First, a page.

Misoso: Once Upon a Time Tales from Africa
. Alfred A. Knopf , Distributed by Random House . NY ,
PZ8.1.M665 1994 (Carlson Fable Collection, BIC bldg)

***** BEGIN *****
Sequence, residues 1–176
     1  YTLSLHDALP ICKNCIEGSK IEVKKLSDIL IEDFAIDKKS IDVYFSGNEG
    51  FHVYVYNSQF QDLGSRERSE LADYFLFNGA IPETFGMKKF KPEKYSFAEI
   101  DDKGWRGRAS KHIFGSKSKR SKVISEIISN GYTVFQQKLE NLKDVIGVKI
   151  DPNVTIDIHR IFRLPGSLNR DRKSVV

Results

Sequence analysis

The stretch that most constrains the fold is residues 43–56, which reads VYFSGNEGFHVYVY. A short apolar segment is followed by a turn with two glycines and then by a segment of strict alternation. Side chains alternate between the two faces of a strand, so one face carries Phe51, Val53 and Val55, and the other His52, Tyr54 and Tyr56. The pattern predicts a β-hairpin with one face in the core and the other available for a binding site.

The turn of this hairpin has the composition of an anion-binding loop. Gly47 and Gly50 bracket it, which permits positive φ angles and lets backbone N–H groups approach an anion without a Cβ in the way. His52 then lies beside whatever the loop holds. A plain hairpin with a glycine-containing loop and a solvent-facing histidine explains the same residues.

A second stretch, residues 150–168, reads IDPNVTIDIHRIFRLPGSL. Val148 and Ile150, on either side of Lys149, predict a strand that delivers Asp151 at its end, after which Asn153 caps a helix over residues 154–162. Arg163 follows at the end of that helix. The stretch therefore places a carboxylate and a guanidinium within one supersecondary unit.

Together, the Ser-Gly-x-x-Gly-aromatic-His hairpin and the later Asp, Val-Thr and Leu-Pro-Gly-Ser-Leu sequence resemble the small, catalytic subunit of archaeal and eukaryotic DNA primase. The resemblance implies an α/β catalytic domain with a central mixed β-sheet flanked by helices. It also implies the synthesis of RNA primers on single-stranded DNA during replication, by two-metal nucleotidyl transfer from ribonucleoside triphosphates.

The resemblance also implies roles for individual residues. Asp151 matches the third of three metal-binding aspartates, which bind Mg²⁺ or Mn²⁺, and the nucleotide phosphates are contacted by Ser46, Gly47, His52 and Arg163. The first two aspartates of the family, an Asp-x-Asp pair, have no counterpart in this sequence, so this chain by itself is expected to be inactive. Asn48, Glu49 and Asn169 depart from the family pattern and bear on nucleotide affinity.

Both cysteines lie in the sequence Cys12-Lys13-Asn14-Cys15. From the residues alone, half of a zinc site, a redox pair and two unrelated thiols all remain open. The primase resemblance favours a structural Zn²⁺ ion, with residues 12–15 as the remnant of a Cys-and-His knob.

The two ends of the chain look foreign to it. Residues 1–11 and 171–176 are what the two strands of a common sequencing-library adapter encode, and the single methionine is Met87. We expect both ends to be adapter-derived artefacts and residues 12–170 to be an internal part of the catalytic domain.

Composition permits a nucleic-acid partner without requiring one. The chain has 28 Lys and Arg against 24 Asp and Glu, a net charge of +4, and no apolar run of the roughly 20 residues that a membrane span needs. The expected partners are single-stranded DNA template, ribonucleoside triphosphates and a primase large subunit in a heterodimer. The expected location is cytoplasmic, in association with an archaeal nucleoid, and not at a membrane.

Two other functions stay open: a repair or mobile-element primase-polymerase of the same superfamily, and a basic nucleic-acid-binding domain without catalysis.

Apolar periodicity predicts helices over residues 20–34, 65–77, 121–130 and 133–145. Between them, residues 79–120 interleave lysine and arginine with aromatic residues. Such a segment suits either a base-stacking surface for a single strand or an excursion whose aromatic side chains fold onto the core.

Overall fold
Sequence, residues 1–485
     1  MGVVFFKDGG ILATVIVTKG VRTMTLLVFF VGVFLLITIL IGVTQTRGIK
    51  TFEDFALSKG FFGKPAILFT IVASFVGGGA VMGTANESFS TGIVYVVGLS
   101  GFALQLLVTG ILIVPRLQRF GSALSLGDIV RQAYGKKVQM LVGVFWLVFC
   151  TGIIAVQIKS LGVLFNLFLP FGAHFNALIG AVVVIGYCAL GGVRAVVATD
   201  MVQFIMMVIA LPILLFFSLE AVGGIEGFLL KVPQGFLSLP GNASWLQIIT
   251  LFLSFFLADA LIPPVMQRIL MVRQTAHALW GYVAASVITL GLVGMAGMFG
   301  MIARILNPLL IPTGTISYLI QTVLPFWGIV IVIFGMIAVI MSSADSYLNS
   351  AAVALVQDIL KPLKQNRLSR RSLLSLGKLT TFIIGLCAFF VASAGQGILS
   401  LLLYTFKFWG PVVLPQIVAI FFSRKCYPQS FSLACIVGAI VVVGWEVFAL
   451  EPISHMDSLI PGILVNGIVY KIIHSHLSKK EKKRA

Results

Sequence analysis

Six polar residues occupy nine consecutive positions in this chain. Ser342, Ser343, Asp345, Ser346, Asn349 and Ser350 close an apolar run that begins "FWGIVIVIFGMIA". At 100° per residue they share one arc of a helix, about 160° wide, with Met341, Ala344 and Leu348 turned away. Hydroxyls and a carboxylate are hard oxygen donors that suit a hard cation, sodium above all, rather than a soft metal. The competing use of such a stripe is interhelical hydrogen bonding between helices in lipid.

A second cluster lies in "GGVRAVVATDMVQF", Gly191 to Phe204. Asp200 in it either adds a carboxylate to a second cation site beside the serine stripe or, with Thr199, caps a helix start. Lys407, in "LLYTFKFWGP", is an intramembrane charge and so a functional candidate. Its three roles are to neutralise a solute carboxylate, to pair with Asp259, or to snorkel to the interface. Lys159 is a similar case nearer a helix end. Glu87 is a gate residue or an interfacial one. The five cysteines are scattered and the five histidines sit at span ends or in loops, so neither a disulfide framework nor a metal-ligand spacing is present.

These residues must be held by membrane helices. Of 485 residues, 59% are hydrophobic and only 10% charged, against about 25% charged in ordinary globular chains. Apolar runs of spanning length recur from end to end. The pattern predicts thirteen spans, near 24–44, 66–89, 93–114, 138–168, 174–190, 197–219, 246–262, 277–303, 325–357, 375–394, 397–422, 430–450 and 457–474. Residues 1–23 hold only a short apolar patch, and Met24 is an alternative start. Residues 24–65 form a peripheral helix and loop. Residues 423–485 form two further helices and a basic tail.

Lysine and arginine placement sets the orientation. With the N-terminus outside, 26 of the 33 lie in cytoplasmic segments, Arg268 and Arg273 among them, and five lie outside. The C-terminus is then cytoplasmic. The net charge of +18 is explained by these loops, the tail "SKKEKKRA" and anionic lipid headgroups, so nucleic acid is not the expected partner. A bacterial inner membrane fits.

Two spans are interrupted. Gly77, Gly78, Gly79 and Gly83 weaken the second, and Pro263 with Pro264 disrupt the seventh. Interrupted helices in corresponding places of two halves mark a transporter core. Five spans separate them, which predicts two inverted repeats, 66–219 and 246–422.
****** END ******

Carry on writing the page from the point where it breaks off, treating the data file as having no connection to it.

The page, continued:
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There are twelve stories in this almost square (10¼ x 9¾) book of some viii plus 88 pages. Three of them are called fables. Eight of the rest are called tales, while one is labeled A Swahili Narrative Poem. At the beginning one finds a foreword and an introduction including a map, and at the end a bibliography. The foreword describes these Once upon a time stories as mostly for entertainment. If the stories collected here teach a lesson, or illuminate the culture of a people, that is a plus (iv). In the introduction, Aardema points out that she has retold tales from early sources, e.g., from the 1850's and 1860's. The stories are taken from the perimeter of sub-Saharan Africa, beginning on the West Coast and travelling southward, then moving up the East Coast, and finally moving across the continent from East to West. The book's first tale, Leelee Goro, is an aetiological tale that gives the reason for eight different things, including the leopard's spots. It is unusual in explaining the origin of tears and the remedy for them, which is that people stop crying when they are hugged. The third tale, The Boogey Man's Wife, has a delightful ending. Just when the Boogey Man has had enough of his new wife and commands her to go back to her father, she obeys him! As he says, That was foolish of me. I let her go just when she started to obey me! (22). Alas, the first two fables, The Hen and the Dove (33-34) and The Cock and the Jackal (47-8), have been ripped out of the book! The third fable, Toad's Trick: A Kanuri Fable (59) has survived the slasher! A toad shows a rat that there is something he can do that the rat cannot: walk through a group of men. The men allow it because the toad eats bugs. When the rat tries to do the same, he is attacked and beaten. The fable ends with the stock closing That is it. Put it on top of the granary (60). That is, add this to your store of stories. The exciting illustrations, strong in warm African colors, are done in pencil and acrylic paints. A good sample is the full page village scene on 26 of Fly carrying a sleeping-mat into a village for his then-friend, Leopard. Another good example on 51shows a family in a king's palace. Besides the two missing fables, there is a 2½ tear at the bottom of 6. Now, some weeks later, consult the 1996 paperback version from Scholastic to see my comments on the two missing fables.